Published: 04/03/2004, Volume II4, No. 5895 Page 34 35

Allied health professionals will soon be required to undertake continuing professional development in order to practise.The Health Professions Council is thrashing out the details and the requirements.

Sally Mesner reports

Improving professional knowledge and competence as an allied health professional has traditionally been an obligation for members of professional bodies, but has never been mandatory.

However, plans underway at the Health Professions Council mean this is about to change.

After the HPC's creation in 2002, titles such as physiotherapist and radiographer became protected, meaning that practitioners must re-register every two years to continue practising. But from 2005, the HPC is developing its remit to maintain the standards of professional training, performance and conduct of 12 of the allied health professions.

And it plans to make it a requirement that health professionals with protected titles must demonstrate they have carried out continued professional development (CPD) in order to re-register.

HPC education and training committee chair Eileen Thornton says its main objective is to protect the public and make sure it gets the best and most effective treatment possible.

'Practice changes over time and there should be commitment from the practitioner to keep up to date, ' she says. 'The professions are not unused to doing CPD, but there will always be people who will not do it if they do not have to.

This constitutes a risk to the public.We want to make CPD compulsory both in the eyes of practitioners and their managers.'

The HPC plans to develop a generic framework of rules and standards that will build on the CPD professional bodies are already providing. 'We hope to work more closely with the professional bodies, ' says Ms Thornton. 'The details will be thrashed out in our consultation in June, but what we do not want to do is come up with something that involves pages and pages of paperwork.'

Many of the professional bodies seem to be one step ahead of the HPC, anticipating how their current CPD systems may fit into its new framework.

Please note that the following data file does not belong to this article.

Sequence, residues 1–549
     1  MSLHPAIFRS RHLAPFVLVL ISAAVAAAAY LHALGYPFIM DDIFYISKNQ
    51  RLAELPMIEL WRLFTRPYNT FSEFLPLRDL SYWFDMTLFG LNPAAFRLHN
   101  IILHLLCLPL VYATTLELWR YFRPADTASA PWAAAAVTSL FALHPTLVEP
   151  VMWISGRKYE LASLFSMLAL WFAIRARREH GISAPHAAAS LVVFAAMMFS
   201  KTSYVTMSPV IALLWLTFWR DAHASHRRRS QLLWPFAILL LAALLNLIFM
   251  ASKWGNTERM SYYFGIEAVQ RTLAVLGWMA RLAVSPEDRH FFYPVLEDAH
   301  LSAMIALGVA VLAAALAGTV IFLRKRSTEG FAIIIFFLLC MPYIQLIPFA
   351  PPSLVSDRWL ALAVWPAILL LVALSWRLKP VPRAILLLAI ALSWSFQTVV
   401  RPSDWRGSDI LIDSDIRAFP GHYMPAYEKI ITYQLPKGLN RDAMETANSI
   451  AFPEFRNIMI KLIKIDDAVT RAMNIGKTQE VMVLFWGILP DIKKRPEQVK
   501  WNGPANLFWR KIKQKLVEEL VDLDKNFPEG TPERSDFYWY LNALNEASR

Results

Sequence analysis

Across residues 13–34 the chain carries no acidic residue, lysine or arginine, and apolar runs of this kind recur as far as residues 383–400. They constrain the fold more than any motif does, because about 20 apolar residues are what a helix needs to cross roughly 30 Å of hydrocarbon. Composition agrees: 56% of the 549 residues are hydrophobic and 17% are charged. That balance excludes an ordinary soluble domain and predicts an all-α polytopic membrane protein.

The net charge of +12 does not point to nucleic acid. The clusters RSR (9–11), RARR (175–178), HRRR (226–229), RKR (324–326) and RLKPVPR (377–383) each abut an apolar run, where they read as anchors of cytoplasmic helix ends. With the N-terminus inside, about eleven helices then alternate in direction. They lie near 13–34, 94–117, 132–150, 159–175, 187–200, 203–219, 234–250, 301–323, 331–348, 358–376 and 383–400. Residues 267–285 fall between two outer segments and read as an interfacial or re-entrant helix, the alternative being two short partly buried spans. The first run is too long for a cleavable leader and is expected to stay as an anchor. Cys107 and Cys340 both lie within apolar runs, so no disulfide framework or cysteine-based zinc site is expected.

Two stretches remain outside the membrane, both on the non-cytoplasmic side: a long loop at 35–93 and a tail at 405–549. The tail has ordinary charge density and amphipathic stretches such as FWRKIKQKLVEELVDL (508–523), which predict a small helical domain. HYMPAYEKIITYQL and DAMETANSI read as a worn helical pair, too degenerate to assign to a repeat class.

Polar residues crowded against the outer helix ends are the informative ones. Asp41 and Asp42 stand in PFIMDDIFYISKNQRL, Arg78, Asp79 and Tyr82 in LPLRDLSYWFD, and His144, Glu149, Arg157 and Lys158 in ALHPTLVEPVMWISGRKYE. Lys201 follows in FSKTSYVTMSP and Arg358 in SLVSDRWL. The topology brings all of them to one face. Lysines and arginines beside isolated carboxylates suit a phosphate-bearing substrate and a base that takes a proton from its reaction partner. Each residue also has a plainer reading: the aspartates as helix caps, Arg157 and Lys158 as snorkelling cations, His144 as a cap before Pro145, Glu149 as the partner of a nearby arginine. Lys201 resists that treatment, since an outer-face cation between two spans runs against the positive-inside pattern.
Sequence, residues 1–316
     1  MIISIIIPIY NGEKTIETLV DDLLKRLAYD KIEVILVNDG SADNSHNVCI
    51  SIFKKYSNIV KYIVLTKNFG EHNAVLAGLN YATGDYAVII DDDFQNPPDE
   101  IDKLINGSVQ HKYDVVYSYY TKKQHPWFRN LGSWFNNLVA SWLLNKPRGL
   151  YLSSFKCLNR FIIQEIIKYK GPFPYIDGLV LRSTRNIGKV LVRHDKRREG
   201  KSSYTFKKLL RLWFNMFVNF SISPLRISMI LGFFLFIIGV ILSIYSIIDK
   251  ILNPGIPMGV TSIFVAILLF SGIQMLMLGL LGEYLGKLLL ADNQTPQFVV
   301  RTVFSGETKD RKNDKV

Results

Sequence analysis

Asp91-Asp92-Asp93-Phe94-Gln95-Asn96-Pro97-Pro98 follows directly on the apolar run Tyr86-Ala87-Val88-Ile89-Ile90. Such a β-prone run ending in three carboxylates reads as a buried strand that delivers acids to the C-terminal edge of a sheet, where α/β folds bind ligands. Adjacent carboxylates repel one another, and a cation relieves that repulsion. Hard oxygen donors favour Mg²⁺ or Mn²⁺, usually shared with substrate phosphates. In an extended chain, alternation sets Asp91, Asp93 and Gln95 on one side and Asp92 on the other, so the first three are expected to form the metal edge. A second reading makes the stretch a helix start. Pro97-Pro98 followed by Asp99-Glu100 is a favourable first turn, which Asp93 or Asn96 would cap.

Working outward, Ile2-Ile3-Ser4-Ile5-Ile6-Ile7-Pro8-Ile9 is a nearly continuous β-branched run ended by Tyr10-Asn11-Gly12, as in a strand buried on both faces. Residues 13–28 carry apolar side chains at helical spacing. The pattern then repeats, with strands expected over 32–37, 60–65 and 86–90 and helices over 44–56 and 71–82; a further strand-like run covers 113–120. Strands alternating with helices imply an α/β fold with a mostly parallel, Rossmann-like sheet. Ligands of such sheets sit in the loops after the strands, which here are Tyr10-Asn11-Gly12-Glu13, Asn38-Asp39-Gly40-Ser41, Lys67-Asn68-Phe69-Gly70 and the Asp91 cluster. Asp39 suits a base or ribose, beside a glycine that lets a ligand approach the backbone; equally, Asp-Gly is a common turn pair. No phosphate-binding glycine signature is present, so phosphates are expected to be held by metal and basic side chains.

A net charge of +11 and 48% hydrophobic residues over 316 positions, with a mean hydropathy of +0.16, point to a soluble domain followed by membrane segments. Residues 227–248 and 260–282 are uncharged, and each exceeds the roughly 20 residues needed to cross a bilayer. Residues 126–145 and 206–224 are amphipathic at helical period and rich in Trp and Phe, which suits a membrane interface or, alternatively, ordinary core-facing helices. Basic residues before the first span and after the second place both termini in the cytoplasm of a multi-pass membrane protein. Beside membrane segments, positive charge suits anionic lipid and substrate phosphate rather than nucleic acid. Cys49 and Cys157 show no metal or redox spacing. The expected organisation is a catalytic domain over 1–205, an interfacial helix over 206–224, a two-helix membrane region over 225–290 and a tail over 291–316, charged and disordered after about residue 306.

The Society and College of Radiographers, for example, is working to update its existing CD-ROM - developed to help members archive and record what they have learnt - into a more user-friendly web-based tool.

'People are not as good at recording what they have done as they could be, ' says director of professional policy Professor Audrey Patterson. 'This tool will help them to do this.We are anticipating making it link to any CPD requirements HPC brings in.'

Elsewhere, the Chartered Society of Physiotherapists is leading a Department of Health project to structure and evaluate CPD. The society hopes the project, Demonstrating Competence through CPD, will influence how HPC designs its framework.

CSP head of CPD Julia O'Sullivan says: 'We have been working with members to help them record what they've done and translate it into what we anticipate HPC will require.We are trying to prepare people.

'All the issues around re-registering have tended to focus members'minds on the main purpose of CPD being re-registration. There is a lot of anxiety about what people will have to do.Members should be looking at their broader learning and development.'

One body that does not currently provide CPD for its members is the British Paramedic Association. Chief executive Roland Furber hopes that compulsory CPD will give paramedics more powers to treat patients out of the hospital environment.

'With a wider knowledge base, paramedics would be able to advise patients rather than merely ferry them to hospital, ' he says.